People started dusting off yellowing deeds. Lawyers were called.  

    But what if Cuba approaches these historic talks with a rather different unsettled claim in mind?  In 1999, a Cuban court found the United States government liable for deaths and damages caused by America’s “aggressive policies” against the island — namely, the Bay of Pigs invasion and the trade embargo prohibiting American citizens and companies from doing business in Cuba.  Arguing that the United States had strangled Cuba’s economy and caused irreparable harm, the court ordered the United States to pay $181 billion in damages.

This Year's Worst Commodity Is One You Probably Can't Pronounce (Bloomberg)  An obscure metal used to make steel has become this year’s worst-performing commodity, after China’s stumbling economy and a collapse in the energy industry drove outsized losses.  Molybdenum is bear market's `poster child' after tumbling 49%.  In familiar raw-material lament, glut seen lasting into 2020.  Click either graphic for large image.


Other Economics and Business Items of Note and Miscellanea

  • Statin Therapy and Risk of Acute Memory Impairment (JAMA Internal Medicine)  This study concludes that use of statins cannot specifically be correlated with memory loss when compared with other lipid lowering (LLD) drugs.  The conclusions statement (below) does not mention the possibility that higher cholesterol levels might be associated with better memory retention, an obvious alternative to the drugs themselves causing memory loss effects.  The conclusion statement:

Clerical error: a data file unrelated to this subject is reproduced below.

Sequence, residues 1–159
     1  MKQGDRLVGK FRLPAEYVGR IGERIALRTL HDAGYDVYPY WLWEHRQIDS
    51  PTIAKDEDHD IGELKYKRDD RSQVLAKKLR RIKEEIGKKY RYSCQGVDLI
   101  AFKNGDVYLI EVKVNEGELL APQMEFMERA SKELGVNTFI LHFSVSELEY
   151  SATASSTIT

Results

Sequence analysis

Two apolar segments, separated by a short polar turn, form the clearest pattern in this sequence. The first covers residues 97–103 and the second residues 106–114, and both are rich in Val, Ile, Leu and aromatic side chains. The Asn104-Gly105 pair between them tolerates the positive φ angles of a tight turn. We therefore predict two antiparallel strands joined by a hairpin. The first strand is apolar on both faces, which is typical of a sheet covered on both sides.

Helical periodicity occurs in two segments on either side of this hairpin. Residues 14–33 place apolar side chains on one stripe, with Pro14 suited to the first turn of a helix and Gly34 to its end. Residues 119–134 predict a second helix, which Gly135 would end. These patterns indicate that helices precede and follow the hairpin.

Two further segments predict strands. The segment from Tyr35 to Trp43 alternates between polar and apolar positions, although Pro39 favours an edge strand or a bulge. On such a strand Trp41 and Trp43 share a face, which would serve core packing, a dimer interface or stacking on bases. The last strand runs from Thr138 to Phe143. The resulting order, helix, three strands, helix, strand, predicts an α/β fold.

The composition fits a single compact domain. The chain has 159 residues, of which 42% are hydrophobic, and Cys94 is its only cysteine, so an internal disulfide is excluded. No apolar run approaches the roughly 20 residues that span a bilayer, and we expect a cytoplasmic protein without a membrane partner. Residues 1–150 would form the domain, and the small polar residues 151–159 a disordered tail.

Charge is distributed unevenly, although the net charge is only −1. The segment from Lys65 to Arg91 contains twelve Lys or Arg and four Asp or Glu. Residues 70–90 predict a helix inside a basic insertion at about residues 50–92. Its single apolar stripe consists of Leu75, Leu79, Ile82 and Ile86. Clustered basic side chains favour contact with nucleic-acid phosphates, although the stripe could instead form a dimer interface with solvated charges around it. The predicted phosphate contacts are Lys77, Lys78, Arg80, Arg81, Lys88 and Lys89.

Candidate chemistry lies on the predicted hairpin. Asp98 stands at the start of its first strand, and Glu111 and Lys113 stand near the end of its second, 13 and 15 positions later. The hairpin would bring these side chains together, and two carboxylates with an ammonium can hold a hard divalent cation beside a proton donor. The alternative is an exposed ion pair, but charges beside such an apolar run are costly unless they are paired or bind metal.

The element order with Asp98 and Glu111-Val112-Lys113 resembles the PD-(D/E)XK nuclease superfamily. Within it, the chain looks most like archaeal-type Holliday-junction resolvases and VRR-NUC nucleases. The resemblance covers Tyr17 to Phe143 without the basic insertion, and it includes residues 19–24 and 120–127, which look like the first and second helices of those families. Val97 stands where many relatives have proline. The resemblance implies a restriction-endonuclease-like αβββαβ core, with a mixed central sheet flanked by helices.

Both statin and nonstatin LLDs were strongly associated with acute memory loss in the first 30 days following exposure in users compared with nonusers but not when compared with each other. Thus, either all LLDs cause acute memory loss regardless of drug class or the association is the result of detection bias rather than a causal association.

  • Health-Care and Education Jobs Bolster States’ Employment (The Wall Street Journal)  Health care jobs are rising across the country, as an aging population demands more nurses, doctors and home health aides. The economy added 638,000 jobs in the education and health services industry sector between November 2014 and November 2015, the bulk of them in health care.  The driving force in this is an aging demographic.